How will the houses of the future be like? The answer may seem trivial, but in this video we will discover that this is not exactly the case. Probably our homes will become energy self-sufficient and “intelligent” thanks to domotics, our future technology. But how can these two objectives be achieved? Here are the houses of the future.
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As for energy self-sufficiency, passive houses have existed for several years. The definition of passive house was coined in the early 90s by Wolfgang Feist's Passivhaus Institute: to talk about a passive house, a building needs to consume no more than the energy equivalent of 1.5 liters of Diesel oil per square meter for heating only. Over the years it has become a standard and other design criteria and parameters have been added regarding comfort: the useful energy requirement required for heating and cooling must be less than 15 kWh per square meter in a year. Born in Sweden in 1988, passive houses then spread mainly to Germany, Austria and Holland and other Northern European countries and also to the United States, where there are two versions of "passive house" promoted by two separate entities: the Passive House Institute (PHI) and the Passive House Institute US (PHIUS). PHIUS was originally an affiliate and approved trainer and certifier for the Passive House Institute. In 2011, PHI canceled its contract with PHIUS for misconduct. PHIUS disputed PHI's claims and continued to work to launch an independent construction performance program.
The construction of a passive house requires that you start from the foundations, with the construction of a thermal coat, that is an insulating coating on the outside of the building walls, so as to wrap it completely. We then move on to the vertical elements of the passive house through the construction of external light walls, typical of buildings with controlled consumption. The internal temperature is kept constant thanks to forced mechanical ventilation devices: a double system of pipes, with an outlet circuit and an inlet circuit. The outgoing hot air (from the kitchen, bathroom and toilet) is conveyed to a flow exchanger, where the incoming cold air receives 80-90% of the heat and re-routed inside (living room and bedrooms. bed). The external air flow, before reaching the heat exchanger, in some buildings is conveyed through a geothermal heat pump where it undergoes further heating. The ventilation systems of passive houses are silent and highly efficient (from 75% to 95% of the recovered heat) and require little electricity (about 40-50 Watts), but they can cause the problem of too dry air.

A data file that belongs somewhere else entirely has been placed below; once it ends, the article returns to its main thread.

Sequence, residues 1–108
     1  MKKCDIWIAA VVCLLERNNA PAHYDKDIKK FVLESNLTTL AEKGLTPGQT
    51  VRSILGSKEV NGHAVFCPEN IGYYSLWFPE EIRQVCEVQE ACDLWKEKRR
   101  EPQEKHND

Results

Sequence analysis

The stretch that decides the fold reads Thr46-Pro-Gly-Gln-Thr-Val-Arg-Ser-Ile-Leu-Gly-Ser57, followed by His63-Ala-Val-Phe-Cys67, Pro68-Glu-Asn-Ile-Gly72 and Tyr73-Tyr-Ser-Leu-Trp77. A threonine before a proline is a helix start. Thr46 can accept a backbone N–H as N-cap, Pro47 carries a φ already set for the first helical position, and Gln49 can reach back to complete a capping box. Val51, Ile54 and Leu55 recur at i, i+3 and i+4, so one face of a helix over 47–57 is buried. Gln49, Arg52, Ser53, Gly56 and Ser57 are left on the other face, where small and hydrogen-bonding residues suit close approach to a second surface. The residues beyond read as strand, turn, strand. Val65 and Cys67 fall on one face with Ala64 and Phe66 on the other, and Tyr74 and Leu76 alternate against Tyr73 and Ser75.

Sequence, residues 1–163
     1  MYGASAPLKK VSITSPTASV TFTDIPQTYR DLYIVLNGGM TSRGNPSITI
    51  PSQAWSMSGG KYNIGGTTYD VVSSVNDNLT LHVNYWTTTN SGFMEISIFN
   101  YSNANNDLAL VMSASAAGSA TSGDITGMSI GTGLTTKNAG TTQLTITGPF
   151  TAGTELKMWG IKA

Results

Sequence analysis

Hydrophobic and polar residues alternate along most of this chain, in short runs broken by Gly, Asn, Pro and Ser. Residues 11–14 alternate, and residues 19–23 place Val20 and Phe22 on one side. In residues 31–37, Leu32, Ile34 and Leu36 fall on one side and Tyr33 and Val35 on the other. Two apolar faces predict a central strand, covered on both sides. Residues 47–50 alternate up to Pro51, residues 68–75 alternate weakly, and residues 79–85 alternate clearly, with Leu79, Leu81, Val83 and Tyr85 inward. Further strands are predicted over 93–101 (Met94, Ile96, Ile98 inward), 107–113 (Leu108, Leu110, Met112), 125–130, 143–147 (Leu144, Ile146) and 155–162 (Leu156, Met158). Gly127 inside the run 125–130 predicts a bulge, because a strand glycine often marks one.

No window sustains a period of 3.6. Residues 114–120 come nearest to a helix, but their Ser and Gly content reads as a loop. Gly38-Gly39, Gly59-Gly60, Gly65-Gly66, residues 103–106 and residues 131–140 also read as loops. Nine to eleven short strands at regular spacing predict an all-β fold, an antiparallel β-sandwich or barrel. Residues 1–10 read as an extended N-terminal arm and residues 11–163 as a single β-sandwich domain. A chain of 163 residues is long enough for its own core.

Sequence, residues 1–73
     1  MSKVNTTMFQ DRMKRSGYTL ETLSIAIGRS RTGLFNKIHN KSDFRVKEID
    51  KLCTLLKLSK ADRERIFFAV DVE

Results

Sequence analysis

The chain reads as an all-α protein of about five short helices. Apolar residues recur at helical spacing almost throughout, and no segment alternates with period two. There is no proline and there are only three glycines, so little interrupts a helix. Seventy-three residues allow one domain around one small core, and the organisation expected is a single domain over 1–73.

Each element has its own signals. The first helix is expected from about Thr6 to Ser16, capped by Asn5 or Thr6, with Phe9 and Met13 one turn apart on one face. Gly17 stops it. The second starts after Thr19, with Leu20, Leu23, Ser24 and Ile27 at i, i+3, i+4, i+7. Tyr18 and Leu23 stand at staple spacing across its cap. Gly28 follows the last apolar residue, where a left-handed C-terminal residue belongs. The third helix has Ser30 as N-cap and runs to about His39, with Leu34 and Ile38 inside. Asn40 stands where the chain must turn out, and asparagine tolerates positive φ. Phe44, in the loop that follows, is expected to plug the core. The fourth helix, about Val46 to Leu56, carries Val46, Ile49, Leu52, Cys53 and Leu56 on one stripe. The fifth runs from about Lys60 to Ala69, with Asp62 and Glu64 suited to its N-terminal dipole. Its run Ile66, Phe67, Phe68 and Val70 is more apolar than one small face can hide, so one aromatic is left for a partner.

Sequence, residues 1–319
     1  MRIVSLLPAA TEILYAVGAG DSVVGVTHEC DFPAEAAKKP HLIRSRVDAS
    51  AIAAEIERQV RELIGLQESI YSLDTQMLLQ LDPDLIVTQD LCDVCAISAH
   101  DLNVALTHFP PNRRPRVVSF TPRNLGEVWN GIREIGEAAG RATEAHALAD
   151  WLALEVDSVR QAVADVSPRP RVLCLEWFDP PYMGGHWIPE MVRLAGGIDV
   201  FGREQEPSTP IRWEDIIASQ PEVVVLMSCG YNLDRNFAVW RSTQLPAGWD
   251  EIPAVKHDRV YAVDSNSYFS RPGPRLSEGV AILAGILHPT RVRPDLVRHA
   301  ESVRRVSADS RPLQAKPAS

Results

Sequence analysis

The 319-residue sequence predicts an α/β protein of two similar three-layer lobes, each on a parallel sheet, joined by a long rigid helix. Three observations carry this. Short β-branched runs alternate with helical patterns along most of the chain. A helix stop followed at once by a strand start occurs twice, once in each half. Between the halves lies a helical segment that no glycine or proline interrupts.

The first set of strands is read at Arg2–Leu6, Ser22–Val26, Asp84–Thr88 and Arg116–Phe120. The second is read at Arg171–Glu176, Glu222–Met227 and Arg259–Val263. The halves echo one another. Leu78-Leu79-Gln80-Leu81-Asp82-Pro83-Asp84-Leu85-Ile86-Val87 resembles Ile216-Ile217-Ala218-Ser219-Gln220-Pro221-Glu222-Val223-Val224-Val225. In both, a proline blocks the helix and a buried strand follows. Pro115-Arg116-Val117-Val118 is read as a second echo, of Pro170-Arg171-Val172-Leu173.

In a passive house, the use of renewable energy sources is essential. The solar panels allow you to heat the water for sanitary purposes while the mini wind turbine allows the supply of electricity. A solar thermal system can cover 40-60% of the entire low temperature heat requirement of the passive house. Tanks properly installed in the garden allow the recycling of rainwater where possible (toilet, water for the garden and plants.). Finally, the heating / cooling system chosen must be able to exploit these totally free energy sources to ensure internal comfort in the hottest and coldest seasons. Of course, passive houses do not have the same costs as a traditional house. However, they are more affordable than they were a few years ago. Those who want to build a passive house make a conscious and sustainable choice, knowing that over time the initial expense is offset by the zero environmental impact of their home. Despite the higher cost, would you like to live in a passive house? Let us know in the comments!
How to organize a 'passive house
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